Pasta e Fagioli Soup

If you follow me on social media, you might know I had a baby a couple of days ago.  And I’d like to point out how dedicated I am blogging from a hospital bed post-surgery to make sure all y’all don’t go without dinner.  KIDDING.  I’m not a crazy person.  Well, crazy enough to voluntarily gestate a 4th child, but we’ll skip that conversation.  I’m writing this post ahead of time so I can actually be resting up and focusing on our new babe by the time you read this.

This is one of my favorite soups, and browsing over the ingredient list, it doesn’t appear to be anything overly impressive.  It’s not loaded with gooey cheese bombs like this Lasagna Soup, nor topped with an entire Mexican restaurant like some of our Tortilla Soups.  It’s super simple ingredients that somehow come together for something so flavorful and so comforting.  There’s nothing I love more on chilly fall days than to smell a pot of hot soup simmering away on the stove-top, and this one is simple and delicious; a perfect weeknight meal.

You know it’s going to be good when a recipe starts out with bacon.  After you crisp up some chopped bacon in your pot, you’ll saute your aromatics right in it.  Garlic and onion sauteing in bacon drippings is seriously one of the most amazing flavors in the world.

Fagioli just means “beans” in Italian, so these creamy white beans get added to the pot along with canned tomatoes and broth.

You can choose your pasta; any small pasta shape will do.  I like to choose pasta that is similar in size to the other things in the pot, so it all fits nicely on the spoon, ya know?  Bow Tie or mini bow tie work really great; I especially love the minis.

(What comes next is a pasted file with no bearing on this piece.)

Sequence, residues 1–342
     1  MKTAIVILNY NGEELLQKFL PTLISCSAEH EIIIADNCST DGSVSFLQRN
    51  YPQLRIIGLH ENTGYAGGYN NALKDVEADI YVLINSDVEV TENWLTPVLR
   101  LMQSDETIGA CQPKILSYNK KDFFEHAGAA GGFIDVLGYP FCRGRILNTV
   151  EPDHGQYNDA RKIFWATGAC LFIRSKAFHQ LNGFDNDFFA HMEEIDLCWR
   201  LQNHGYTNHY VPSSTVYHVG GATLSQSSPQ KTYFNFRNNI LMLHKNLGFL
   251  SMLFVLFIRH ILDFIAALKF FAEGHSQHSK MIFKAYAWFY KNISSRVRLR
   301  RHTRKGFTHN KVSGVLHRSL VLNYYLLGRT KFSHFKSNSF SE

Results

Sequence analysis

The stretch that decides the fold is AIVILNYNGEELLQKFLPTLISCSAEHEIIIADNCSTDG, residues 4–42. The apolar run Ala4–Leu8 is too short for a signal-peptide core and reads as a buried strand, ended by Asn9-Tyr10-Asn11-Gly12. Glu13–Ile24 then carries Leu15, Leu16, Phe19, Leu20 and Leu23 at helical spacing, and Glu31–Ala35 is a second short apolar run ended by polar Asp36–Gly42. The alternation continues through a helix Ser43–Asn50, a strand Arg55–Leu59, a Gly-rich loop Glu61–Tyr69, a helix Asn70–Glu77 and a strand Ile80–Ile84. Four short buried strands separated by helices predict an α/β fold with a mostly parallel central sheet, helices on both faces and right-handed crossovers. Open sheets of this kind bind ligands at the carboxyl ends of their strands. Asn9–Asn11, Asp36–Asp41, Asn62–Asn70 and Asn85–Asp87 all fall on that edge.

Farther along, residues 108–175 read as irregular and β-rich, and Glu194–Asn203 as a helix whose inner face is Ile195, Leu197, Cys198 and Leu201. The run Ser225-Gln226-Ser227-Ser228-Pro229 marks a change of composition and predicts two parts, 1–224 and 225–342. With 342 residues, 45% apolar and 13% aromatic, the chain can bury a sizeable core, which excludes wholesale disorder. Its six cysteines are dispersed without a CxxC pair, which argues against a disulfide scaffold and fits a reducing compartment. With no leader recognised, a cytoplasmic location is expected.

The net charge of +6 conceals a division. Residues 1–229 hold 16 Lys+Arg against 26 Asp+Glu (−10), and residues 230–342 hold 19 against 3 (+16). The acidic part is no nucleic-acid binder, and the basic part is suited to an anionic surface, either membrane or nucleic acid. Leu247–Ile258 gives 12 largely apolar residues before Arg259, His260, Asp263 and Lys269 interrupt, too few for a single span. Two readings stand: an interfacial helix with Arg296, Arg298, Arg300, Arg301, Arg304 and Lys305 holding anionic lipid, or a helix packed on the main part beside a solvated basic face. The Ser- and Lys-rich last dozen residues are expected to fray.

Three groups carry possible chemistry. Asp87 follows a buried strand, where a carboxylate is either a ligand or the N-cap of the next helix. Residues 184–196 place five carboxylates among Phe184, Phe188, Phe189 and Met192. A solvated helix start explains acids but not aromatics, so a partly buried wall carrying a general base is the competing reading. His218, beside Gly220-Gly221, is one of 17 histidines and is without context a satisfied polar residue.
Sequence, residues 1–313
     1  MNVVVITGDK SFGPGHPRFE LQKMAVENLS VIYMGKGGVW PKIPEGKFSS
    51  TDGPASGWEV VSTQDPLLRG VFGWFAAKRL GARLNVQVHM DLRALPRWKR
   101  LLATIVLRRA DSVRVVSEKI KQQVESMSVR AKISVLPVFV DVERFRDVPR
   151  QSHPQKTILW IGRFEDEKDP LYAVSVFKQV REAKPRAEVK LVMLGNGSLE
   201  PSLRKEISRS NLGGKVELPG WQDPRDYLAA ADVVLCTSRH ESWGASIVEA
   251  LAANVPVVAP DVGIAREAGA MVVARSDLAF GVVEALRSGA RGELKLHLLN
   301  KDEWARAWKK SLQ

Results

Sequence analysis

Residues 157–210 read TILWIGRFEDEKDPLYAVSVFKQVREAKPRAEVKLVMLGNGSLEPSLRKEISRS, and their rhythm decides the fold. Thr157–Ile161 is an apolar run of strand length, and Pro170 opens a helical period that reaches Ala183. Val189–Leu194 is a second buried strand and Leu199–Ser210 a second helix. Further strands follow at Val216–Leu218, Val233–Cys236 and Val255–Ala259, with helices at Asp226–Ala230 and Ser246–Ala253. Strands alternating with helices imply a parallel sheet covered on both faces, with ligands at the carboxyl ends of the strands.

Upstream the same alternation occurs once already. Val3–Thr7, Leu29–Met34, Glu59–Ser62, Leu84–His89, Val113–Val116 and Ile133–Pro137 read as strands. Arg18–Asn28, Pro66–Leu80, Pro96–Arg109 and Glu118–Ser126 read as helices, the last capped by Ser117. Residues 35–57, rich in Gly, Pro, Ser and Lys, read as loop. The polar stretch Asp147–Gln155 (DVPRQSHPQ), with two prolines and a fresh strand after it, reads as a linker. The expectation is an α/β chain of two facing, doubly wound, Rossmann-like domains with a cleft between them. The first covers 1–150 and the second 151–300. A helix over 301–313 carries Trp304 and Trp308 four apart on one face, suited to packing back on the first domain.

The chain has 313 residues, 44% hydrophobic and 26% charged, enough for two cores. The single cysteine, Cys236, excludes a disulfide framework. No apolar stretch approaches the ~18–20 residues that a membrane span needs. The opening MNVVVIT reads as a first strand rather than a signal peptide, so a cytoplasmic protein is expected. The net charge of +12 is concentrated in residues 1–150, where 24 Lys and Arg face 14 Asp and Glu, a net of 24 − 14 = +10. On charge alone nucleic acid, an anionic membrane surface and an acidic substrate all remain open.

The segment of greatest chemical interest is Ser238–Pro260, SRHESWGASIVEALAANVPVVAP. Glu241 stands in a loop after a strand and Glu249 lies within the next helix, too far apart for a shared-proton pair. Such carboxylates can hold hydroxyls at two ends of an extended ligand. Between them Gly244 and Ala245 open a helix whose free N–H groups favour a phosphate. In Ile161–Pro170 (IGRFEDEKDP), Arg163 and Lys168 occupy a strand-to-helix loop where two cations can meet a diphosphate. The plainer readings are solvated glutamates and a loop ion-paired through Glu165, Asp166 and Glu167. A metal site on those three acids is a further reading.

This soup is so simple, but the flavors are so good.  It’s such a great example of how great food doesn’t have to be complicated.  Topped off with a little fresh Parmesan cheese (grate your own, skip the bagged stuff) and some fresh basil or parsley.

The recipe also calls for a little drizzle of Extra Virgin Olive Oil over each serving, and it’s important that you use a quality olive oil.  It adds flavor, richness, and body that you wouldn’t expect.  This is the perfect use for a good, flavored olive oil and almost any of our flavors are delicious here (I’ve tried just about all of them on this soup!)  Basil or Garlic are obvious choices,

and hello- bacon.  If you’ve got your hands on our Smoked Bacon Olive Oil, that’s my absolute fave on this one.  (I should note that Bacon is currently in-stock!)

This is the perfect chilly-fall-day dinner. Pair it with an easy salad and a warm loaf of crusty bread (If you plan ahead, try it with our Rosemary Foccacia Loaves) and you’re good to go.

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Pasta e Fagioli Soup (Pasta and Bean Soup with Bacon)Recipe from the ATK Family Cookbook

This recipe is best when made with authentic Parmesan and a full-flavored extra-virgin olive oil.  Ditalini, orzo, mini bowtie, and stellini are all good small pasta options.

Ingredients4 ounces bacon (4 slices), chopped medium1 onion, chopped fine4-6 garlic cloves, minced1 tablespoon minced fresh oregano (or 1 tsp dried)1/4 teaspoon red pepper flakes1 28-oz can diced tomatoes2 15.5-oz cans canellini beans, rinsed3 1/2 cups low-sodium chicken broth2 1/2 cups watersalt8 ounces small-shaped pasta (1 3/4 cups)1/4 cup minced fresh parsleypepper2 ounces Parmesan cheese, grated (1 cup)Extra-Virgin olive oil (for serving)

Instructions1. Cook the bacon in a large Dutch oven over medium heat until crsp, about 8 minutes.  Stir in the onion, garlic, oregano, and red pepper flakes.  Cook until the onion is softened, about 5 minutes. Stir in the tomatoes with their juice, beans, broth, water, and 1 teaspoon salt.  Bring to a simmer and cook for 10 minutes.

2. Stir in the pasta and cook until just slightly underdone.  Off the heat, stir in the parsley and season with salt and pepper to taste.  Sprinkle individual bowls extra herbs if desired, and then with grated Parmesan and a drizzle of olive oil before serving.

Make AheadThis soup can be prepared through step 1, cooled, covered, and refrigerated for up to 2 days or frozen for up to 1 month.  Reheat over low heat before proceeding with step 2.